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Washington state is a great place to live if you’re wealthy. But the state’s tax system — which does not have an income tax and is heavily reliant on sales taxes — isn’t too sweet if you’re poor.

That’s the conclusion of a new report issued this week by the Institute on Taxation & Economic Policy, which found that Washington has the “most regressive” tax system in the country. The poorest families in the state pay 16.9 percent of their total income in state and local taxes — compared to just over eight percent in neighboring Idaho and Oregon.

Washington is joined in what the report’s authors dub the “terrible ten” — described as states where the poor pay six times as much of their income in taxes as wealthy counterparts — by Florida, South Dakota, Illinois, Texas, Tennessee, Arizona, Pennsylvania, Indiana, and Alabama.

“We know that governors nationwide are promising to cut or eliminate taxes, but the question is who’s going to pay for it,” said Matthew Gardner, Executive Director of ITEP and an author of the study. “There’s a good chance it’s the so-called takers who spend so much on necessities that they pay an effective tax rate of 10 or more percent, due largely to sales and property taxes.  In too many states, these are the people being asked to make up the revenues lost to income tax cuts that overwhelmingly benefit the wealthiest taxpayers.”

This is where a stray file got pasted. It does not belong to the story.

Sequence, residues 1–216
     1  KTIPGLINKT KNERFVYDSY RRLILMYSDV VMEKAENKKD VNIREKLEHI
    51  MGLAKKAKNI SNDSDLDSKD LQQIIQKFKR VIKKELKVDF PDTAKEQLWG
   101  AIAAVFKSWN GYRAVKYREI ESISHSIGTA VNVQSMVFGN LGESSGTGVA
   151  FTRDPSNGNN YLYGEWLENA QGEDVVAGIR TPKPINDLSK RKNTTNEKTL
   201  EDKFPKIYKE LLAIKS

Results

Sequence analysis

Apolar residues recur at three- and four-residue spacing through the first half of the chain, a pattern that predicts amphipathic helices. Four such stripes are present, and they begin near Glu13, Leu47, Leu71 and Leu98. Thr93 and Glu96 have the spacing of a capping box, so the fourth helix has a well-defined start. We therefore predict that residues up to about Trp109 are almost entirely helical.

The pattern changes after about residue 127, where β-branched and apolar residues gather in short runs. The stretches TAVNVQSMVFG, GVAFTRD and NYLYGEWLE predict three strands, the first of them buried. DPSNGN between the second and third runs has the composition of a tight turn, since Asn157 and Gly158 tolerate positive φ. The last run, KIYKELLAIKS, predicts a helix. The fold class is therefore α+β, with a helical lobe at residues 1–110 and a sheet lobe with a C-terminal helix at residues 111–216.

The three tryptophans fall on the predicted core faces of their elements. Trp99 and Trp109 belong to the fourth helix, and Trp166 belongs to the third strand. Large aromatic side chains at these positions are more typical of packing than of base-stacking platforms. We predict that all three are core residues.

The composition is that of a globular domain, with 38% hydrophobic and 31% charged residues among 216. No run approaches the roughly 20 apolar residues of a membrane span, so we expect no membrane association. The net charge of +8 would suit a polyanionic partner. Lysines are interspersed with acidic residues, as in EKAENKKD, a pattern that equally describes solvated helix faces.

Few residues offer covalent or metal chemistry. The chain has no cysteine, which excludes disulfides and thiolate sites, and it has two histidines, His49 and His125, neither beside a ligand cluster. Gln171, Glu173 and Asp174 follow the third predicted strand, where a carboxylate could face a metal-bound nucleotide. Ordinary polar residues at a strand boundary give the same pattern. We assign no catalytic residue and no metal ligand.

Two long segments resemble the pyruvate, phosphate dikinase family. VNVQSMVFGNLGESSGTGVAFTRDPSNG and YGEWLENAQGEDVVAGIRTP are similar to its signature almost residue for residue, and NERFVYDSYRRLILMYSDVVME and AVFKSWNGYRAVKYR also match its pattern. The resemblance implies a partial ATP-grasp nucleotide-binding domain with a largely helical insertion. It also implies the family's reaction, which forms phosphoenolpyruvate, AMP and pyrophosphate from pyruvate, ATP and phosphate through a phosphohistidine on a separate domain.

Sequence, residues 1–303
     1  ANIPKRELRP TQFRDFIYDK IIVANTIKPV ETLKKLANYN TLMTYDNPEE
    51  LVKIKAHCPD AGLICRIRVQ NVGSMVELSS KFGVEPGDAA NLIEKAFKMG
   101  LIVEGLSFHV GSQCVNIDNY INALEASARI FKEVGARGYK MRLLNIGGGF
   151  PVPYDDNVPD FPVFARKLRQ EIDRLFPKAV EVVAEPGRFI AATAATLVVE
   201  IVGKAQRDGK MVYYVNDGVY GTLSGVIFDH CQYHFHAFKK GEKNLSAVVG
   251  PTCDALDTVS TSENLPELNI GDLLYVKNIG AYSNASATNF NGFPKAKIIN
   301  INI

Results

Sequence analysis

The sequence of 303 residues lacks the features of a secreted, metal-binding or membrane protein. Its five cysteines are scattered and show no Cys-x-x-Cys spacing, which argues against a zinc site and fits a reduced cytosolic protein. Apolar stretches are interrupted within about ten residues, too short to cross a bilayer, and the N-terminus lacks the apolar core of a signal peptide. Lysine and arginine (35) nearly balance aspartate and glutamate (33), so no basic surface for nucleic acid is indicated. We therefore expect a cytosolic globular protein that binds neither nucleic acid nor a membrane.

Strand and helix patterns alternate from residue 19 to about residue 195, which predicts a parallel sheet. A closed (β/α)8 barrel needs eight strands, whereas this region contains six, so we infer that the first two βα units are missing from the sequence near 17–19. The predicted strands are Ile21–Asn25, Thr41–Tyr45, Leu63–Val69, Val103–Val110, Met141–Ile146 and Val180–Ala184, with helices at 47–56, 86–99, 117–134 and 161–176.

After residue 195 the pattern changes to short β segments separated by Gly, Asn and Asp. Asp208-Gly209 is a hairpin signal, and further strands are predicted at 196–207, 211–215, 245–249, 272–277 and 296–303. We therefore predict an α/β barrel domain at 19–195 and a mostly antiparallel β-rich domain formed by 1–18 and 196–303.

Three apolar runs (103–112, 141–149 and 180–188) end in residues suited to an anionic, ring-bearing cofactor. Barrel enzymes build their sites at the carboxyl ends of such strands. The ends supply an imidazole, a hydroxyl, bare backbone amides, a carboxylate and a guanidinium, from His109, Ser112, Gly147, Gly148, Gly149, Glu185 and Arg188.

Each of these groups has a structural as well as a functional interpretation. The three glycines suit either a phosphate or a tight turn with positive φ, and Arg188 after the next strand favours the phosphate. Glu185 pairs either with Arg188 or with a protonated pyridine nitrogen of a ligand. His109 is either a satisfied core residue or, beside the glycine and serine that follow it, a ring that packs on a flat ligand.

That’s an argument that Seattle venture capitalist Nick Hanauer has been making for years, noting that his tax rate and others in his wealth class (he was one of the original backers of Amazon.com and founded aQuantive) should be raised. Hanauer, along with Bill Gates Sr., led an effort in the state in 2010 to pass a measure that would have instituted an income tax on state residents who made more than $200,0000.

I-1098 was defeated with about 65 percent of the vote, including support from large segments of the tech industry which argued that not having an income tax was a competitive advantage in recruiting employees and new businesses.

Here’s the full report from the Institute on Taxation & Economic Policy:

Who Pays report

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